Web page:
NLRB Asks Supreme Court to Overrule DC Circuit’s DecisionOn Apr 25, 2013 Featured | Latest Updates No Comments Tags: National Labor Relations Board, NLRB, Noel Canning, Recess Appointments, Writ of Certiorari
NLRB petitions the Supreme Court for a Writ of Certiorari, or review, of a D.C. Circuit Court ruling that Obama’s NLRB nominees were unconstitutional.
Today, the National Labor Relations Board (NLRB) has filed its petition for U.S. Supreme Court review of the Noel Canning decision. This decision found that Obama’s “recess” appointments to the NLRB were unconstitutional because the appointments did not occur during “the Recess of the Senate”, not “a” recess, meaning an intra-session “recess” doesn’t count, and the vacancies did not “happen during the recess of the Senate.” Additionally, the Senate was holding pro-forma sessions at the time.
The NLRB’s petition comes at the last possible day that it could be filed, something which has come to be expected of the NLRB. The petition goes into the details of the case, and tries to make the case that since there was no Senate business being conducted during the “pro-forma” sessions, Obama was correct to be able to make appointments during this time.
This goes against the precedent set by the previous administration, where pro-forma sessions were conducted fairly often in order to prevent President George W. Bush from making recess appointments during that time. President Bush had acknowledged and respected the pro-forma sessions, as had President Obama before this point.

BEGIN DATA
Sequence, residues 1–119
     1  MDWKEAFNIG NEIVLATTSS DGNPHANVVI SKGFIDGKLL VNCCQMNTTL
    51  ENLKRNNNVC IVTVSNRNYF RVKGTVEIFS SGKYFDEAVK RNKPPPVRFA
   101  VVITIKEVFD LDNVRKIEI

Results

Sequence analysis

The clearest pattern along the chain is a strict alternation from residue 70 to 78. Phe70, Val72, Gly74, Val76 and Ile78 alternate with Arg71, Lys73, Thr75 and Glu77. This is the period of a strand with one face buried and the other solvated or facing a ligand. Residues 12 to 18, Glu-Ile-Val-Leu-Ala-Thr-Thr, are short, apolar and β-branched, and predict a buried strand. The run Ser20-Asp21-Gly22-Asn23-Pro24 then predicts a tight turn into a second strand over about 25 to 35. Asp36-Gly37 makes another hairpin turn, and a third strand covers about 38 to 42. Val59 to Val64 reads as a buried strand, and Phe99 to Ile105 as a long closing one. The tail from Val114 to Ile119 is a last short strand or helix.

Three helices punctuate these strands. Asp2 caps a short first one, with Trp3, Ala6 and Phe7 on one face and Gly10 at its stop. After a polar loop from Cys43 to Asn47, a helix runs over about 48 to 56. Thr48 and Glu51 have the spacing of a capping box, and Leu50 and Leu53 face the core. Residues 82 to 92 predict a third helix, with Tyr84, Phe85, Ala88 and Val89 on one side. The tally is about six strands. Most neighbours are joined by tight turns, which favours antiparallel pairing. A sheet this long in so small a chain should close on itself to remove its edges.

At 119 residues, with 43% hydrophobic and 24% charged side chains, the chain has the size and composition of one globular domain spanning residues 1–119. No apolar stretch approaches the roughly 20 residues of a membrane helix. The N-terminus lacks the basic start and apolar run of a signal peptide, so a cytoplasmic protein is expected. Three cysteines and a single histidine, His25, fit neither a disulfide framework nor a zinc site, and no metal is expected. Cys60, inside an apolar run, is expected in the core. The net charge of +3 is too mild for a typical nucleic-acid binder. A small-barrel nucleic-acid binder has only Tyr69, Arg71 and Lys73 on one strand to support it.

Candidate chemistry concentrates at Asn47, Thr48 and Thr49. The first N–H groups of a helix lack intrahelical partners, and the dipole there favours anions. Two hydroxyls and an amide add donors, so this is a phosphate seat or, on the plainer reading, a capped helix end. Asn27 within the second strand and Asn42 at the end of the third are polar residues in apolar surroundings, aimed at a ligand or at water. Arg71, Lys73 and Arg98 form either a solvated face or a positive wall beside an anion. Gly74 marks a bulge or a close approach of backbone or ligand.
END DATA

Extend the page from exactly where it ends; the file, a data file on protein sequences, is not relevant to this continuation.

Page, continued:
Up until now, the NLRB’s position has been that the D.C. Circuit Court’s decision only dealt with the specifics of the single case that was brought before it, but the Supreme Court would have the ability to make a much more sweeping decision. A sweeping decision could have massive impacts on NLRB cases across the board, which number in the hundreds at this point. These include everything from union elections to the controversial decisions about social media policy.
If the Supreme Court were to find that the members of the NLRB that Obama had appointed were indeed unconstitutional, under the New Process Steel v. National Labor Relations Board case, the decisions made during the time would have to be voided given that there would not have been a quorum of the NLRB present at that time. This may result in a large number of cases that would have to be redone.
Obama’s appointees to the NLRB made some very controversial and anti-employer decisions, which have had an impact on the way some businesses have conducted themselves lately. While some companies may take the position that it’s better to cut their losses at this point, having the chance to re-hear some of the more controversial decisions will definitely help business in the long run. Regardless, the Supreme Court’s ruling will put an end to the uncertainty created by these unconstitutional appointees..